First, there was Ten Second Staircase, fourth in the Bryant and May series by Christopher Fowler. This is the series that inspired my project last year and I seriously adore it. I have to force myself not to read it too quickly or else I will run out of books far sooner than I would like.
This story is a modern one that includes some details about the division between the kids and scholars of a posh boys' school and the lives and motivations of those less-privileged people living in the estate on the adjoining property. It's not the main focus but I found it to be some of the most interesting bits of this book. The mystery was a good one too (of course) and Bryant and May were their standard non-conforming selves. We even get more of May's granddaughter April in this one. I'll probably pick up book five pretty soon because I just can't resist.
Next was the rather unique The Pigeon Pie Mystery by Julia Stuart, the author of The Tower, The Zoo, and the Tortoise. It delves into the lives of a host of interesting characters who reside in what was called a "grace-and-favor" situation in Hampton Court Palace at the end of the nineteenth century. This was a way for the Queen to grant a dignified living to those upper-class people who had found themselves fortuneless for one reason or another, mainly widows. Though Mink (officially Indian Princess Alexandrina) is young and vibrant, her father the Maharaja has died and she is left with nothing and is therefore grateful to be invited to reside at Hampton Court. She is accompanied by her servant and they settle in nicely, until they find themselves in a bit of trouble after a murder occurs.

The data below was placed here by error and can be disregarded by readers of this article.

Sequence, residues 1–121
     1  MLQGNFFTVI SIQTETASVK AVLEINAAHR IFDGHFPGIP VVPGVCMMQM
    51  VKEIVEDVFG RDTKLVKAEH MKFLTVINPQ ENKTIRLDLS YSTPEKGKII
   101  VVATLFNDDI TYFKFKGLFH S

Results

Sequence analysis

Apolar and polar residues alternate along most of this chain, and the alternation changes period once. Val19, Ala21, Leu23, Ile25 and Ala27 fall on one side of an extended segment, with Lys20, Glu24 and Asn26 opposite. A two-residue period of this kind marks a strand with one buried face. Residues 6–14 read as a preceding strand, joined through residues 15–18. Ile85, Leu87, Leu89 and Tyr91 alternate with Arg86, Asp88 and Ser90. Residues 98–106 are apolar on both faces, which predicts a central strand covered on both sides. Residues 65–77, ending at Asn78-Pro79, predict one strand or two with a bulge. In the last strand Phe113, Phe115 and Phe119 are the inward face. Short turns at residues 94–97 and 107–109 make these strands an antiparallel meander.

Some parts of this story were a bit too coincidental and others a bit too cute. The main romance was silly but funny. But the period details and research were so well done and there was a bit of "girl power"involved in the story which helped make it a really fun read over all.
And finally, I just finished John Rogers' This Other London: Adventures in the Overlooked City. This new release presents a series of ten essays covering ten urban walks that Rogers took around the periphery of London in the last year or so. I really can't adequately describe how fascinating this book was. He brought together history, folklore, geography, pop culture and politics in an amazingly accessible way. By the end of the book, I wanted nothing more than to follow in his footsteps and to explore this great city for myself.
It really is all I can do not to launch a repeat project this summer but I have something else in mind to help with my TBR so I guess I'll just have to sneak a little London in here and there.
Squirreling away my pennies to trade for pounds,